Do What You Are Going to Do

“Forget past mistakes. Forget failures. Forget everything except what you’re going to do now and do it.” This advice is attributed to William Durant, founder of General Motors.
Interesting man, William Durant. He became a millionaire building horse-drawn carriages. When horseless carriages arrived in his home state of Michigan, he was offended by the “noisy and smelly contraptions” that frightened animals. Ever the entrepreneur, however, he tried one in 1902, hoping he might like it enough to add automobiles to his inventory. But he wasn’t impressed until he drove a car built by David Buick a couple of years later.
Buick, a successful plumber, didn’t pursue automobile manufacturing and his company was sold twice before Durant reorganized Buick Motor Company in 1904. This was the beginning of a remarkable journey. After achieving success with the Buick automobile, Durant formed General Motors in New Jersey in 1908, and the company bought Buick.
In GM’s first two years, Durant brought 30 firms into the company, with 11 auto makers, including Oldsmobile, Cadillac and Pontiac. But one of his non-automobile ventures devastated company finances. Some bankers agreed to bail out GM but wanted to dissolve the company. GM’s directors offered the bankers an enormous amount of stock and control of the board if they would keep GM alive. The bankers accepted, Durant was ousted and a five-man committee was installed to run GM for the loan’s duration.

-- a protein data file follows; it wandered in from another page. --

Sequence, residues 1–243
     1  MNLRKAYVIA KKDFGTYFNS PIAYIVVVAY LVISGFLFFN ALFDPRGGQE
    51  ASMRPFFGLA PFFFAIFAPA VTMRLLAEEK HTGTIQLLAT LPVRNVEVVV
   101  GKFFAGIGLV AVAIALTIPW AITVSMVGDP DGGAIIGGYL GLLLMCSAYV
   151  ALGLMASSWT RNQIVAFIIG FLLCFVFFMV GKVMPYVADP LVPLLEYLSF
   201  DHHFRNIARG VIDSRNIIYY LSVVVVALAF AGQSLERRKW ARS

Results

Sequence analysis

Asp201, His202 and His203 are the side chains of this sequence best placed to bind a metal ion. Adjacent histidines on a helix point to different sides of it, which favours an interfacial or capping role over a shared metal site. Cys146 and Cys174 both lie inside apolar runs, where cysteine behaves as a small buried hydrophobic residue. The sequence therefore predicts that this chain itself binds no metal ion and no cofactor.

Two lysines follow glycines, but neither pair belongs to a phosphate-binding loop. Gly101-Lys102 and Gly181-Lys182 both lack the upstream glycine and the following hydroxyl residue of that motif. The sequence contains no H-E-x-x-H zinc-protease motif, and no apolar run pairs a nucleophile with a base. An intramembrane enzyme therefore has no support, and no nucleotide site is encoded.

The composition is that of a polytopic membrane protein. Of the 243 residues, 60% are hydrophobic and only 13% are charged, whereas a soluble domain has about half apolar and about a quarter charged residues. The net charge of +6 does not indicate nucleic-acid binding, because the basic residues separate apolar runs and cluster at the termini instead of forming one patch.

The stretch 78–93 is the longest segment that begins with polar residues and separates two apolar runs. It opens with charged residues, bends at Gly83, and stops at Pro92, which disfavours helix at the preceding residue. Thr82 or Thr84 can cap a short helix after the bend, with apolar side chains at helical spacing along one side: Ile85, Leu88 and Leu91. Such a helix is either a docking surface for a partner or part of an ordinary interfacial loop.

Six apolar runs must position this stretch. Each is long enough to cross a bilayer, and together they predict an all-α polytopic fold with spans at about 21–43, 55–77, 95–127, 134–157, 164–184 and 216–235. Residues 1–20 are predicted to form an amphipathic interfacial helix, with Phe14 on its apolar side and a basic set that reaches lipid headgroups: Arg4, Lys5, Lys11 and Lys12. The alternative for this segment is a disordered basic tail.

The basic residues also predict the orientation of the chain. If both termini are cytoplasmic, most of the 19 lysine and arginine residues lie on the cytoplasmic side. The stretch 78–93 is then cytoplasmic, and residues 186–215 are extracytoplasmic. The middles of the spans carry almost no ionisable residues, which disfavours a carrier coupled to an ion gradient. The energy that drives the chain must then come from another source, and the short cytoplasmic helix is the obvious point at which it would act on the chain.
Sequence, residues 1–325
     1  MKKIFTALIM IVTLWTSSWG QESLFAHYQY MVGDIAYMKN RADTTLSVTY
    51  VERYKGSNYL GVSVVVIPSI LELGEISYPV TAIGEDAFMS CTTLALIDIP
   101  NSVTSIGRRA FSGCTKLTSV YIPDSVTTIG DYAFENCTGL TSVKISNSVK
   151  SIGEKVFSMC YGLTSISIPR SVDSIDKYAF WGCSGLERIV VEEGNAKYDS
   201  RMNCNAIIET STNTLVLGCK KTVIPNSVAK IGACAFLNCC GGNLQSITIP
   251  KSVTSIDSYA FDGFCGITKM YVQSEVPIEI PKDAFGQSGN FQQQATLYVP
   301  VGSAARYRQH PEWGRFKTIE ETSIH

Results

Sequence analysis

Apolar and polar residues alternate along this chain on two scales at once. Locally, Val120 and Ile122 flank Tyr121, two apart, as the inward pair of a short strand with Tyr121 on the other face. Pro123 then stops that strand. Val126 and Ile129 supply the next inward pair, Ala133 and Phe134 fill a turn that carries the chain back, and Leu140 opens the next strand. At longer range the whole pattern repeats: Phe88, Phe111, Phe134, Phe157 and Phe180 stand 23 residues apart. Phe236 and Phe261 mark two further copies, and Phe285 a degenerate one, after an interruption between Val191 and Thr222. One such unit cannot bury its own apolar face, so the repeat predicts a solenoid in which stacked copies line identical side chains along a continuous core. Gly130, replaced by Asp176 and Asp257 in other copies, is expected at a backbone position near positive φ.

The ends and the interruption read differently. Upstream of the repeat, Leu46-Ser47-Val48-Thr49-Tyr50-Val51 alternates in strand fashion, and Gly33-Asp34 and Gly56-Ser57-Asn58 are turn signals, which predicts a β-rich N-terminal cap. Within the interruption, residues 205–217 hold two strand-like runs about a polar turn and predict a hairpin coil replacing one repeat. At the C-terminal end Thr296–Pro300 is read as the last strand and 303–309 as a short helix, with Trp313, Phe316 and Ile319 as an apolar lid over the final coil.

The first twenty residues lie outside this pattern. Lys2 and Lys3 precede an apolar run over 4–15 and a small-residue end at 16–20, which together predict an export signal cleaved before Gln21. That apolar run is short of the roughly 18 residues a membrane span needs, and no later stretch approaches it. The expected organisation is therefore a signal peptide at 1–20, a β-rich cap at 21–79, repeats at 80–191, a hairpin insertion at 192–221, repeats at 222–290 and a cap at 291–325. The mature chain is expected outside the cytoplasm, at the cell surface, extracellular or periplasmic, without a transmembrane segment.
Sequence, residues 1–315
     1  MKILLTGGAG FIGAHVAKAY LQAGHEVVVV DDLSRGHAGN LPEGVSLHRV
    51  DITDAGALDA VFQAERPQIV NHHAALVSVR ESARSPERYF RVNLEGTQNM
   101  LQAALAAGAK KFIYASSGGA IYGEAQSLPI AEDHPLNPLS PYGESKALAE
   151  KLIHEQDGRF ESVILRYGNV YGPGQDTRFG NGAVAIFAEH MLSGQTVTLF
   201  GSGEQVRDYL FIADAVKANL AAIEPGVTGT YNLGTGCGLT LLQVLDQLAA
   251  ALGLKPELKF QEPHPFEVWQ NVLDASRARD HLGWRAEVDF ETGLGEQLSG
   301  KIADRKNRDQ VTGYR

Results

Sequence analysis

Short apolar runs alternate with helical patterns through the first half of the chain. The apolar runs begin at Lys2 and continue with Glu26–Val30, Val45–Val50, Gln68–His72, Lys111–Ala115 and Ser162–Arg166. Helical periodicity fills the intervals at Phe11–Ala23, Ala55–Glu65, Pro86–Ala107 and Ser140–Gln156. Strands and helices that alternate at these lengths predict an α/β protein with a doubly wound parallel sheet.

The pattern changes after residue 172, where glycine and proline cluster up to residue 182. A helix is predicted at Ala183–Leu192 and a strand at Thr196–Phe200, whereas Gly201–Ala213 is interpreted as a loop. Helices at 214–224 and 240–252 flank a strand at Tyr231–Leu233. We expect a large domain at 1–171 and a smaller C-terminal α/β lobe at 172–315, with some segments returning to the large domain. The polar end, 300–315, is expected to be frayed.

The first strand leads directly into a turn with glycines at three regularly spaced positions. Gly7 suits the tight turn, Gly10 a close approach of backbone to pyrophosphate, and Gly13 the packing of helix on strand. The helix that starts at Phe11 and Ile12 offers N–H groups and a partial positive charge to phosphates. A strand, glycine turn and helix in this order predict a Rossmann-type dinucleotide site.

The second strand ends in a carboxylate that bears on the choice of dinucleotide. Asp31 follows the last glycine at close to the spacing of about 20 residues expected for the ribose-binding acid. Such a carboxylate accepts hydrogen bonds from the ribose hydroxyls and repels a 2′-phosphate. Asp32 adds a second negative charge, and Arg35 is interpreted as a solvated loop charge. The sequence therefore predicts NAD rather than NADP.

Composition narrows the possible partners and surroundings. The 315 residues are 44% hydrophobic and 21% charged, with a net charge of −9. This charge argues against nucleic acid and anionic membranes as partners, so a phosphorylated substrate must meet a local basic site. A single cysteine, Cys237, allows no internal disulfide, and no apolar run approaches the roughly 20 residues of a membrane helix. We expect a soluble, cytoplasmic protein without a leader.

Durant was not dismayed. He formed other businesses, including Chevrolet Motor Company in partnership with Louis Chevrolet who had built a high-quality car. While Chevrolet was visiting Europe in 1913, Durant changed the design to a smaller car to achieve high volume. The company became a huge success, but Louis Chevrolet didn’t like what Durant had done, so he left. Durant used profits to buy GM stock, which had come back to life under the guidance of company president Charles Nash and new head of Buick, Walter Chrysler.
By the 1916 GM board meeting, Durant’s Chevrolet Motor Company had purchased almost half of the GM stock, and by the end of the meeting Durant regained control of GM. He merged Chevrolet into the company and continued to wheel and deal as he again grew GM by acquiring various companies and building an empire that boomed at the end of World War I.
Walter Chrysler finally had enough of Durant’s flamboyant, gambling management style and quit. His departure affected GM negatively, which, along with other financial challenges, caused GM stock to plunge. Bankers demanded Durant resign in late 1920. His second and final ouster caused him to lose $100 million dollars of his own money. With his departure, bankers and investors began to turn around GM over the weekend. Falling to $9.50 on Friday, at which Durant was forced to sell, the stock opened at $16.50 on Monday.
Durant then founded Durant Motors. He had no product, but as a great salesman he gained the faith of investors and the good will of dealers. Before production on the Durant Four began in 1921, he had 30,000 dealer orders. The next year, he brought out the Star, a low-priced car to compete with Ford and Chevrolet.
Durant was on his way again when another financial disaster hit. He had built a $50-million fortune in the bull market of the 20s, but Durant Motors went broke when the ’29 crash came. Still with a plant, Durant signed a deal to build and market the Mathis, a small French car, but the Depression prevented this from materializing. Durant filed for bankruptcy in 1936, listing debts of $914,231 and assets of $250.
Durant opened a bowling alley in Michigan in 1940, with plans for 50 more nationwide. A massive stroke finally brought him down in 1942, and he and his wife moved to New York, where they lived quietly until he died in 1947.
Another automobile legend, Henry Ford, made a statement that could have summed up Durant’s life and be a challenge to everyone: “A setback is the opportunity to begin again…”

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